I set out to see if I could see the effect of the two shutter movements — one to close it and one to open it again — that happen with the Leica M240 in live view mode. I put a Novoflex M-to-F adapter on the M240. It’s a nice little piece, with a ring you can use to open and close the diaphragm, turning an attached Nikon auto-diaphragm lens into a preset one.
“What the hell,” I said, and attached a Nikon 400mm f/2.8 lens to the adapter, creating a really silly-looking combination. Actually — and this is important if you want to try this at home and don’t want to ruin your M240 — I attached the lens to the tripod, then the adapter to the Leica, then the two to the lens. At no time did the camera lens mount have to support more than the weight of the camera and the adapter. I used the rotating collar on the lens to make the horizontal and vertical images. I used a RRS Arca-Swiss compatible foot on the lens.
I made images of the scope trace with the self-timer on the M240, vertical and horizontal with live view on and off. Here are the composite raw files, cropped and with aggressive curves applied to compensate for the underexposure. Because I couldn’t back up any further, the traces are three times as long as the 135mm traces. For that reason I left the horizontal pixels alone when I prepared the images for the web, but expanded the vertical ones by a factor of three, using nearest neighbor.
Horizontal camera orientation, live view on:
Horizontal camera orientation, live view off:
Vertical camera orientation, live view on:
Vertical camera orientation, live view off:
The dark horizontal lines are the rows on the camera’s sensor that have red and green pixels. The scope doesn’t put out much red light, so the pixels under the red filters in the color filter array are pretty dark. The brighter horizontal lines are the rows on the camera’s sensor that have blue and green pixels.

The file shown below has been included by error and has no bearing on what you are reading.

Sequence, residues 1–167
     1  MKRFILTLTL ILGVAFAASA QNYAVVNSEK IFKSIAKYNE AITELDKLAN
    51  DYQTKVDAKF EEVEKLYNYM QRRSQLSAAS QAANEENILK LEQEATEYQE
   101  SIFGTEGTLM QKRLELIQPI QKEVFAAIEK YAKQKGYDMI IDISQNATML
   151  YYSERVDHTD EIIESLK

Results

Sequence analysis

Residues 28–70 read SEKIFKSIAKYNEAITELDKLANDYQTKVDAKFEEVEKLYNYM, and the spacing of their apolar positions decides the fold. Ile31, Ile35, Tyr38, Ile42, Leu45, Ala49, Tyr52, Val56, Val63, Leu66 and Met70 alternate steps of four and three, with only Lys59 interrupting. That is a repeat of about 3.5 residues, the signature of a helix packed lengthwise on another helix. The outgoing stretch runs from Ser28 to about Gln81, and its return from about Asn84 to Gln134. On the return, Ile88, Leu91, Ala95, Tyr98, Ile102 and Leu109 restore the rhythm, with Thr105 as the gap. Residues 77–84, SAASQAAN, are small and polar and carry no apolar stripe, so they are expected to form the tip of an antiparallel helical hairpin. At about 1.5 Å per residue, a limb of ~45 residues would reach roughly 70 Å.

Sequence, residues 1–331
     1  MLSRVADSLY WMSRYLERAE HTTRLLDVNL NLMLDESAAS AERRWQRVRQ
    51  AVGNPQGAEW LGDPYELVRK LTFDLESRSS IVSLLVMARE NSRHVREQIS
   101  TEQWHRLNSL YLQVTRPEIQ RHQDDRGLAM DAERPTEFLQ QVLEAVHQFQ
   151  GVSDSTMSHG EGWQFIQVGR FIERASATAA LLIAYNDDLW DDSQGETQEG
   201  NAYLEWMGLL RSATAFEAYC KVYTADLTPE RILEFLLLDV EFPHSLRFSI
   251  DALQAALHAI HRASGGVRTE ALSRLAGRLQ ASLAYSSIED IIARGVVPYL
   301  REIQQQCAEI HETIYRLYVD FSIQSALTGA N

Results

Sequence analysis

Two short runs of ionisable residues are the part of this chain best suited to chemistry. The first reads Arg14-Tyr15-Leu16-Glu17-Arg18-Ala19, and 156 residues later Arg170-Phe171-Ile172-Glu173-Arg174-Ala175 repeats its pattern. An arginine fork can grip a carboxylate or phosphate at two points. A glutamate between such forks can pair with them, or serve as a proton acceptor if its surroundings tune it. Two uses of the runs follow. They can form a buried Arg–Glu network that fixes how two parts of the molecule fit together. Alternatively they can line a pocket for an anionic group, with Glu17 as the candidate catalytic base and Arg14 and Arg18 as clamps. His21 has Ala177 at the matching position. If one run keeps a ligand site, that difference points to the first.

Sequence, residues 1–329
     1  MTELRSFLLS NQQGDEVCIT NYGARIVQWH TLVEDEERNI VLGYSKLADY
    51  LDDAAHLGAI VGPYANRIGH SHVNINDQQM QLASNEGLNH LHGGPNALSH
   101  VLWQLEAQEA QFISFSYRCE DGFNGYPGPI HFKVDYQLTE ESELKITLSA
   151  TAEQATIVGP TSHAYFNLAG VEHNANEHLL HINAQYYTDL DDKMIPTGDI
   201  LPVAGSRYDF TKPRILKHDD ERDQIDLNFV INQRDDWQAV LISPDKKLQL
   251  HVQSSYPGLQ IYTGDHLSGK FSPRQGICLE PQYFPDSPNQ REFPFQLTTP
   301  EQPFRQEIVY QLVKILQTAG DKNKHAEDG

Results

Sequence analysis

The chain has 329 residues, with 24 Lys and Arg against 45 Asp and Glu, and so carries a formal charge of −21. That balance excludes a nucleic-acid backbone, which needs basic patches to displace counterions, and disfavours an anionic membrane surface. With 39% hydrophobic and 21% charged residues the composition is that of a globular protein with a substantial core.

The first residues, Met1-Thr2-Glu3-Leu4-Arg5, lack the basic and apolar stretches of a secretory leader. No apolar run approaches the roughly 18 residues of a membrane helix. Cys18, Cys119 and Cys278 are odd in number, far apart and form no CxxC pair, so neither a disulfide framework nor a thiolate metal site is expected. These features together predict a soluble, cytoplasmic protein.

The dark vertical lines are from the scope’s reticule, and are 1/10 second apart. Now we can clearly see the vibration caused by the live view shutter closing, at least when the camera is oriented vertically, which means that it’s mostly a horizontal vibration. With the tripod and head that I’m using, the vibration excited by live view when the camera is vertical starts out at about 5 pixels peak to peak at about 10 Hz and doesn’t damp out completely during the half second that the shutter is open. The smaller — probably much smaller — vibration excited by live view when the camera is horizontal is of a higher frequency, about 40 Hz and takes about a quarter second to damp into the noise.
We can also see vibrations associated with the shutter opening. There’s not much we can do about that except get a bigger, stiffer, heavier tripod.
So, if you’re going to use really long lenses on the M240, it’s probably a good idea to turn off live view before you trip the shutter, just like you release the mirror on a SLR in similar circumstances. It’s easy to do; just hit the LV button once if you’re not using the EVF, and twice if you are.